Lumped Damage Mechanics: Reinforced Concrete Frames

Lumped Damage Mechanics: Reinforced Concrete Frames

DOI: 10.4018/978-1-4666-6379-4.ch010

Abstract

As aforementioned, buildings in seismic zones must be designed to behave elastically under service loads or earthquakes of small intensity, and they can enter in the plastic range for events of intermediate intensity. Severe earthquakes are defined as those that are improbable but not impossible to happen during the lifetime of the structure. In these cases, structural damage, even damage that cannot be repaired, is allowed as long as there is no structural collapse. In order to design or certify safe structures, it is necessary to have computational tools that allow for the quantification of structural damage and that are able to describe structural behavior accurately near collapse. The elasto-plastic models present serious limitations in this sense. Damage and fracture mechanics represent a more rational option. The goal of this chapter is to describe how the concepts presented in Chapter 9 can be included in the mathematical models for the analysis of framed structures and its numerical implementation in structural analysis programs.
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10.1 The Lumped Damage Model

Consider a slender RC frame element in the planar case. It is assumed that not only yielding of the reinforcement, but concrete cracks are also localized at the extremes of the element. The lumped plasticity model that is described in section 7.1.1 is modified by assuming that concrete cracks can be lumped at the plastic hinges as well: plastic hinges become inelastic hinges and the “lumped plasticity model” develops into the “lumped damage model”. In this and the following chapters, the terms “inelastic hinge” or “plastic hinge with damage” are used indistinctly. In order to represent the appearance and propagation of these cracks, a new set of internal variables is introduced. The term is denoted “damage array” of the element b. The variables di and dj are damage parameters that take values between zero and one; however, they represent densities of macroscopic cracks, as in fracture mechanics, instead of micro defects (see Figure 1a). The first variable in characterizes the crack density that can be lumped at the inelastic hinge i while the second one is related to cracking lumped at inelastic hinge j (see Figure 1b).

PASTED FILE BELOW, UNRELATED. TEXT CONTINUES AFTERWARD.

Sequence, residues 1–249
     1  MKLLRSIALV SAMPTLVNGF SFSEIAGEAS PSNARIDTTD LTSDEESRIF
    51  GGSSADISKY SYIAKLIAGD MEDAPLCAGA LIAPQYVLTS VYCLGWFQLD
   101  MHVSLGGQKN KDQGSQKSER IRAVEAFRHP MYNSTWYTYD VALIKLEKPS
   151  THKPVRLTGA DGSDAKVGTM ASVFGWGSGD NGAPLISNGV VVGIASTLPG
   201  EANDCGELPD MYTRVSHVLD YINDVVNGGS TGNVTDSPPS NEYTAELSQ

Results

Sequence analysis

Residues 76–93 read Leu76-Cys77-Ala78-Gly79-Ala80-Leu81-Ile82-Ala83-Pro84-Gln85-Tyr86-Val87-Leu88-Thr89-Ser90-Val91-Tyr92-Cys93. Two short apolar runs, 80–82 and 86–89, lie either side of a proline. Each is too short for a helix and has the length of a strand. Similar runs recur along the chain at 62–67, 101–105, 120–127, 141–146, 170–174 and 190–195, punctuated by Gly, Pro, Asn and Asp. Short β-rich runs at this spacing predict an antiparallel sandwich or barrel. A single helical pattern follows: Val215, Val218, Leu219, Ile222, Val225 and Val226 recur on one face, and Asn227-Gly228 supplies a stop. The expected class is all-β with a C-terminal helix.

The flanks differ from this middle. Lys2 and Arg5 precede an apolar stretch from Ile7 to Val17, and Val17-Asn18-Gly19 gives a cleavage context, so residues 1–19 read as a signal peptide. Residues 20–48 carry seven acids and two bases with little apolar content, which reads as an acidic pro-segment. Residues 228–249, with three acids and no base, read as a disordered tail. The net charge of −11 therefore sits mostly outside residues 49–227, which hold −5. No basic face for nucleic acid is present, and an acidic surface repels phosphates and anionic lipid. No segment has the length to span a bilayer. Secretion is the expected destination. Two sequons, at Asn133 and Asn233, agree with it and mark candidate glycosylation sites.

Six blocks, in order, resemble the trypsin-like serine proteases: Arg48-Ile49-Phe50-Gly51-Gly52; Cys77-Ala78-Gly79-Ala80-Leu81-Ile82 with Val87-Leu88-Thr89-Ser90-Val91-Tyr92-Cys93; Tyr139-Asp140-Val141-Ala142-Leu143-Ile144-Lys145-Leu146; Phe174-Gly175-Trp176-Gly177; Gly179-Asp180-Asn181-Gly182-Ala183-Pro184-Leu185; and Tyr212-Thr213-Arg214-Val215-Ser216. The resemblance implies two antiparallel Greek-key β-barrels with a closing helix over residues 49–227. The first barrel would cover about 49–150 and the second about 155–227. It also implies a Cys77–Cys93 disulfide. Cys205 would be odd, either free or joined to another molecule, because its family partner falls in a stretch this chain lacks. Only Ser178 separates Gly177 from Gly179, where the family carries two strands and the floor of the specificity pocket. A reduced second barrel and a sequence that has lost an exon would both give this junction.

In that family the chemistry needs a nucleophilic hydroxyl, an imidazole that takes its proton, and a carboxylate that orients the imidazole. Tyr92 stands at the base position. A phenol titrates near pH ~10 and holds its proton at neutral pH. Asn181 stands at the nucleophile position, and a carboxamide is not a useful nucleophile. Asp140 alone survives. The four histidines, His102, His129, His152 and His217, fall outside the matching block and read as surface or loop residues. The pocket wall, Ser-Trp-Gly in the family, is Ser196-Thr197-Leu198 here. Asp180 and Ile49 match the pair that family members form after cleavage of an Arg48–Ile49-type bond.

Figure 1.

a) Cracks at the end of a frame member b) Lumped damage model

The hypothesis of equivalence in deformation described in section 9.2.2, Equation (9.2.8) can be written in the case of a frame element as:

(10.1.1) where is, again, the matrix of generalized deformations of the elastic beam-column. is the matrix of plastic deformations; the plastic elongations are neglected as it is usual in RC elements, thus . The last matrix, , contains the damage rotations; i.e. the additional rotations due to concrete cracking.

The deformations of the elastic beam-column can be expressed as a function of the generalized stresses using (Equation 3.3.9):

(10.1.2)

The terms are, again, the flexibility matrix of a slender element, the generalized stresses and the initial deformations such as defined in chapter 3 (Equation 3.3.9, 3.2.2 and Table 3).

Table 3.
Force vs. displacement curve values in the case of imposed damage values
d1m1(KN m)t (m)P (KN)
0.000.00000.00000.00000.00000.0000
0.004.00390.00000.00180.00262.8599
0.0511.21690.00000.00540.00758.0121
0.1015.15480.00000.00770.010710.8249
0.1518.09010.00000.00970.013612.9215
0.2020.44960.00000.01160.016314.6069
0.2522.40660.00000.01360.019016.0047
0.3024.04960.00000.01560.021917.1783
0.3525.42880.00920.02700.037918.1634
0.4026.57340.02050.04060.056918.9810
0.4527.49940.03290.05570.077919.6424
0.5028.21290.04690.07260.101620.1521
0.5528.71150.06300.09200.128820.5082
0.6028.98440.08180.11480.160720.7031
0.6529.01030.10450.14220.199120.7217

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